Both Dr Adlkopfer and Dr Coggins question the plausibility of the magnitude of the relative risks we obtained by comparing them with smaller relative risk estimates obtained from other studies of active smoking−for example, the American Cancer Society (CPS II) Study, which reported a relative risk of 1.8 for CHD in female smokers. On this issue, Drs Adlkopfer and Coggins were selective in their choice of cited studies; we are aware of just as many cohort studies (eg, the Swedish cohort study by Cederlof et al,R2 the Rancho Bernardo Study,R3 the Finnmark Study,R4 and our own Nurses’ Health StudyR5 ) that found relative risks of CHD of between 2.6 and 3.6 in female current smokers.
Dr Coggins simply reiterates the limitation that we already acknowledged in our article, that measurement of passive smoking was by self-report and at baseline only. Yet, as we discussed in our articleR1 as well as elsewhere,R6 any resulting random misclassification of exposure could only change the relative risk estimates in the direction of the null. If misclassification were nonrandom, the “nonexposed” group in our study is more likely to have included passive smokers than vice versa, because people consistently underestimate their exposure to secondhand smoke.R6 Furthermore, workplace restrictions on smoking became more common during the study period, so that the “exposed” group in our study probably became progressively mixed with women who were no longer exposed. Both types of misclassification push the relative risk estimates in the direction of the null.
Although Dr Coggins questions our use of questionnaire assessment of ETS exposure, he himself places much weight on the study by Layard,R7 which also used questionnaires completed by surrogate respondents. We did not cite Layard’s pooled estimate of relative risks across just three studies because a more thorough meta-analysis incorporating data from 12 studies has been published,R8 which suggests a statistically significant increase in risk of CHD with passive smoking.
Dr Brennan suggests that studying the risks of passive smoking is analogous to making mountains out of molehills. We were unable to follow the logic of his calculations; however, we would point out that according to credible estimates,R9 some 35 000 to 40 000 deaths from coronary disease each year may be attributable to passive smoking.
Dr Gori speculates about how our relative risk estimates might have been influenced by adjusting for other risk factors such as height and shift work. As we stated in our article,R1 we adjusted for a very broad range of factors that we determined a priori to be potential confounders. The reason for not adding shift work to our models was that this exposure was not assessed until the 1988 questionnaire,R10 whereas passive smoking was ascertained in 1982. We nonetheless repeated our analysis from 1988 through 1992, including shift work as a covariate. On the basis of 73 cases of total CHD, the multivariate adjusted relative risk among women regularly exposed to passive smoking compared with those never exposed was 2.12 (95% CI, 0.92 to 4.89). This point estimate is quite similar to the relative risk of 1.91 reported in the full study; the width of the 95% CIs reflects the halving of cases caused by shorter follow-up duration. Lacking a sound rationale as to why other variables such as height might act as important confounders in the relation between passive smoking and coronary disease, we believed that it would be pointless to keep adding more variables to our models.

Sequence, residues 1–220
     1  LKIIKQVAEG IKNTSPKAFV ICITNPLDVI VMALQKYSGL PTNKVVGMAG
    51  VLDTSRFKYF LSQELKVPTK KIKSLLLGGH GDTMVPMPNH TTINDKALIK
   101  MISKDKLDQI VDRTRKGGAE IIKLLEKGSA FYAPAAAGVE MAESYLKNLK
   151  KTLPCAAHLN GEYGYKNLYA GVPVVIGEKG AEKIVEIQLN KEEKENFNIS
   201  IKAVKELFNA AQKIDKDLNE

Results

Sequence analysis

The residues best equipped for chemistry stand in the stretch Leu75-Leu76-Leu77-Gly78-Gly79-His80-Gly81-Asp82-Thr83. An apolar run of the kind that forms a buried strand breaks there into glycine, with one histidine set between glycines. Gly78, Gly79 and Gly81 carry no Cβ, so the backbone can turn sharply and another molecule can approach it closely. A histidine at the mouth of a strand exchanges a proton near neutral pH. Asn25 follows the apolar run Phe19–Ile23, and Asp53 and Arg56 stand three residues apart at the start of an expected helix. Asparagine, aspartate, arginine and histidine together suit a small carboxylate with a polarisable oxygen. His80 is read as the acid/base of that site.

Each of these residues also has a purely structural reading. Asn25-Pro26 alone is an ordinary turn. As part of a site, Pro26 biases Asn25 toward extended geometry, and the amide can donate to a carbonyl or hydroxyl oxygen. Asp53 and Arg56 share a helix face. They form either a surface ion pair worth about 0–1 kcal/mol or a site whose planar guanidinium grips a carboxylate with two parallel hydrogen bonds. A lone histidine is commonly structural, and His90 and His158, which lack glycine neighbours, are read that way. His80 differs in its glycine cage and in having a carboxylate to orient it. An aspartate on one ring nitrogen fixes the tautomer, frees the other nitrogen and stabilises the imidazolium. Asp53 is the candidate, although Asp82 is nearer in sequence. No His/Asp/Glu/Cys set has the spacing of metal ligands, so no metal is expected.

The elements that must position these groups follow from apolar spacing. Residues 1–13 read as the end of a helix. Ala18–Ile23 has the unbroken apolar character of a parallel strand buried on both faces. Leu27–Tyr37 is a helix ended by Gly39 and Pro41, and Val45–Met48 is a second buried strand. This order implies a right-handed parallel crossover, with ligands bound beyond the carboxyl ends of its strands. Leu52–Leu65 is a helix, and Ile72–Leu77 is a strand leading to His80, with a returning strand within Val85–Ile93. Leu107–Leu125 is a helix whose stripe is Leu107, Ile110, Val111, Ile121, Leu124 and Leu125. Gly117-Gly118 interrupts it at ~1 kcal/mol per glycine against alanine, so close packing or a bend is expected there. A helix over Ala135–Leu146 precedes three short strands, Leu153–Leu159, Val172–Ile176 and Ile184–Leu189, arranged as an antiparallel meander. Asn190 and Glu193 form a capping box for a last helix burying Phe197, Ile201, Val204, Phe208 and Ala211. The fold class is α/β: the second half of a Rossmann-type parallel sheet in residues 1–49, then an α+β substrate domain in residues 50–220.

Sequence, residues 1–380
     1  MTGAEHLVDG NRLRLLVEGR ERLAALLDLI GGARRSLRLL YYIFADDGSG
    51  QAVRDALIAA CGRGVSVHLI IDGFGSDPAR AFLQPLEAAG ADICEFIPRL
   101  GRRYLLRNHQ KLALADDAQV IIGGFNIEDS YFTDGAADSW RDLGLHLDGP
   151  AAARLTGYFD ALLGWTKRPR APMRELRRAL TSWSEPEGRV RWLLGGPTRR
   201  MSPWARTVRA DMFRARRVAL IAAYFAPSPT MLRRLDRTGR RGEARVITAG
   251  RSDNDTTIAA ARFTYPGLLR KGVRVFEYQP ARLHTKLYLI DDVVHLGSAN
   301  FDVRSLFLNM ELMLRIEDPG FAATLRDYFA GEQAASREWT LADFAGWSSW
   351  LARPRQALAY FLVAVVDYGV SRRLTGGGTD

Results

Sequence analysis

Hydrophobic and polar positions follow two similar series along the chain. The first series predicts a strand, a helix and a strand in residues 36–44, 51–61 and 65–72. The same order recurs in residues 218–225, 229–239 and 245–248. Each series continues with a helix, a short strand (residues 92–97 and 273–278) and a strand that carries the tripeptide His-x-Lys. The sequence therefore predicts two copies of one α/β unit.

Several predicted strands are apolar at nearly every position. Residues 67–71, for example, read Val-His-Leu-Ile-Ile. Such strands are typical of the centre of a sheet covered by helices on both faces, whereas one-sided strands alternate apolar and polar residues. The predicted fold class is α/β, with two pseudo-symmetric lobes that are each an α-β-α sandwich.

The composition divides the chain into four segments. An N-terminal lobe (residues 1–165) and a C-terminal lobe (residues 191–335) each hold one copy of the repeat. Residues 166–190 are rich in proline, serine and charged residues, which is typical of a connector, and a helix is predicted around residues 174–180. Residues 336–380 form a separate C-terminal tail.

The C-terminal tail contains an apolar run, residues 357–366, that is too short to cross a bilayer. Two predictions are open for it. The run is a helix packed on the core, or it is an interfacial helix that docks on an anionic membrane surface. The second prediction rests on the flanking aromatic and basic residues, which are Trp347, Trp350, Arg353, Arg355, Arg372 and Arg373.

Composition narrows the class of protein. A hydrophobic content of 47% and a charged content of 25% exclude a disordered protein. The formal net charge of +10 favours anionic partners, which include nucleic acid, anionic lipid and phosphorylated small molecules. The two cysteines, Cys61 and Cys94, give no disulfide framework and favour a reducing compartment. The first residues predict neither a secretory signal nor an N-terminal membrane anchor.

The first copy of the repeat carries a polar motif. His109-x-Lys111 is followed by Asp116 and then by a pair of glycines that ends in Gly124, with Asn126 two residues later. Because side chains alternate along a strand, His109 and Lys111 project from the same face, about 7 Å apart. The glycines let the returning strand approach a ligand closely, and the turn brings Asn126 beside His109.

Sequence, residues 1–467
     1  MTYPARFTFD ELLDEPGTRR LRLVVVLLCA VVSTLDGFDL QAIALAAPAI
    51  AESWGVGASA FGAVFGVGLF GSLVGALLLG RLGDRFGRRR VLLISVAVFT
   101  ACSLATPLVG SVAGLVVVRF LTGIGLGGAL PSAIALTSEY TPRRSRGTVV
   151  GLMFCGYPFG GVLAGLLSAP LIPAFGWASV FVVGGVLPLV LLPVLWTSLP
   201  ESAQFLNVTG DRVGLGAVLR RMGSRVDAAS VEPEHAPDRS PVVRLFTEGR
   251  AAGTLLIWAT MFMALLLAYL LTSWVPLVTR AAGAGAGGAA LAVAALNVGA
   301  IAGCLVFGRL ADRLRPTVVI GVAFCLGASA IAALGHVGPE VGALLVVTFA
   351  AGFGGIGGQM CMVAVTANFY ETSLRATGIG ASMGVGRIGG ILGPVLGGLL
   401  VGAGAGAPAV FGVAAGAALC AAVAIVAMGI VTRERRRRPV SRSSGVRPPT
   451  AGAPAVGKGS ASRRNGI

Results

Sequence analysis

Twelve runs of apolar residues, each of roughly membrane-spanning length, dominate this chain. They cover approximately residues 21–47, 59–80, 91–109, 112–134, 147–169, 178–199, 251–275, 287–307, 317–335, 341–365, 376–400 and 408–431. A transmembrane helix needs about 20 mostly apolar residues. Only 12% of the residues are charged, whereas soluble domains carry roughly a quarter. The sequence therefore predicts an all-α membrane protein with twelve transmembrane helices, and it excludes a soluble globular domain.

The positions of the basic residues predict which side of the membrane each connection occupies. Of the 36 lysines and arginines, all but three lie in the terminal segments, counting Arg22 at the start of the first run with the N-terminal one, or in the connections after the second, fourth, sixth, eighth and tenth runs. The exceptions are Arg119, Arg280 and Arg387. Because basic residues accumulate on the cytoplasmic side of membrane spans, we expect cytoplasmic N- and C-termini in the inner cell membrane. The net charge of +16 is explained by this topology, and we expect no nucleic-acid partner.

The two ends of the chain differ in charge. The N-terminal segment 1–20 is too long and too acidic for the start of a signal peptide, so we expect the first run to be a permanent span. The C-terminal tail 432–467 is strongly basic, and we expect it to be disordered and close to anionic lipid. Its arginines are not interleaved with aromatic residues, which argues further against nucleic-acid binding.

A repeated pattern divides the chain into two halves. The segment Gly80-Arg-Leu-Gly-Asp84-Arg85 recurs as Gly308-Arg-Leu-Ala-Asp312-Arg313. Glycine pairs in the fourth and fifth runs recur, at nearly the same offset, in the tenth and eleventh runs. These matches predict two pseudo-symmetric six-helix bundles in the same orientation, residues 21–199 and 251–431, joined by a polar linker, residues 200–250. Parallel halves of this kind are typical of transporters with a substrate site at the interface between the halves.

We were puzzled by why Dr Gori refers to the American Cancer Society CPS-II StudyR11 as a “negative report.” Although two consultants funded by Philip Morris published an analysis of the CPS-II study reporting no association between passive smoking and CHD risk,R12 this report was superseded by a more thorough analysis carried out by the American Cancer Society investigators, which did report a positive association.R11
Finally, Dr Gori states that we “have documented in almost 100 reports that women of the Nurses’ Health Study are quite exceptional and hardly representative of the US female population.” Although this population was selected for study because their training and motivation would provide superior data quality, there is no reason to believe that biological relations based on our findings are not relevant to women in general.
Kawachi I, Colditz GA, Speizer FE, Manson JE, Stampfer MJ, Willett WC, Hennekens CH. A prospective study of passive smoking and coronary heart disease. Circulation. 1997;95:2374–2379.
Cederlof R, Friberg L, Hrubec Z, Lorich U. The Relationship of Smoking and Some Social Covariables to Mortality and Cancer Morbidity: A 10-Year Follow-up in a Probability Sample of 55 000 Swedish Subjects Age 18 to 69. Stockholm, Sweden: Karolinska Institute, Department of Environmental Hygiene; 1975.
Barrett-Connor E, Khaw KT, Wingard DL. A ten-year prospective study of coronary heart disease mortality among Rancho Bernardo women. In: Eaker ED, Packard B, Wenger NK, Clarkson TB, Tyroler HA, eds. Coronary Heart Disease in Women. Bethesda, Md: National Heart, Lung, and Blood Institute, National Institutes of Health; 1987.
Njolstad I, Arnesen E, Lund-Larsen PG. Smoking, serum lipids, blood pressure, and sex differences in myocardial infarction: a 12-year follow-up of the Finnmark Study. Circulation. 1996;93:450–456.
Kawachi I, Colditz GA. Confounding, measurement error, and publication bias in studies of passive smoking. Am J Epidemiol. 1996;144:909–915.
Layard MW. Ischemic heart disease and spousal smoking in the National Mortality Followback Survey. Regul Toxicol Pharmacol. 1995;21:180–183.
Kawachi I, Colditz GA, Stampfer MJ, Willett WC, Manson JE, Speizer FE, Hennekens CH. A prospective study of shift work and risk of coronary heart disease in women. Circulation. 1995;92:3178–3182.
Steenland K, Thun M, Lally C, Heath C Jr. Environmental tobacco smoke and coronary heart disease in the American Cancer Society CPS-II Cohort. Circulation. 1996;94:622–628.
LeVois ME, Layard WW. Publication bias in the environmental tobacco smoke/coronary heart disease epidemiologic literature. Regul Toxicol Pharmacol. 1995;21:184–191.